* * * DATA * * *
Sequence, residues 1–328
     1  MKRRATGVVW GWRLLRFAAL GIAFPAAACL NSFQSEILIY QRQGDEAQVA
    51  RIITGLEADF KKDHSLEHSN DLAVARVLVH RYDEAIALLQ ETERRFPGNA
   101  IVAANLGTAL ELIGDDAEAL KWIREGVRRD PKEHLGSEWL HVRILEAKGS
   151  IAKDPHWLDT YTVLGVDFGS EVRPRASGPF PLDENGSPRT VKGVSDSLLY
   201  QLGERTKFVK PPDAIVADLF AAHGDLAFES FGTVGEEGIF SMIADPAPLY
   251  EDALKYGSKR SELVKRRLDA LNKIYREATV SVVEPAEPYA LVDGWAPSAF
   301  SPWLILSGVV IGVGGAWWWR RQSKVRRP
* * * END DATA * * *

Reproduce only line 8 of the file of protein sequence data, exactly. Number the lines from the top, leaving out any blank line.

   301  SPWLILSGVV IGVGGAWWWR RQSKVRRP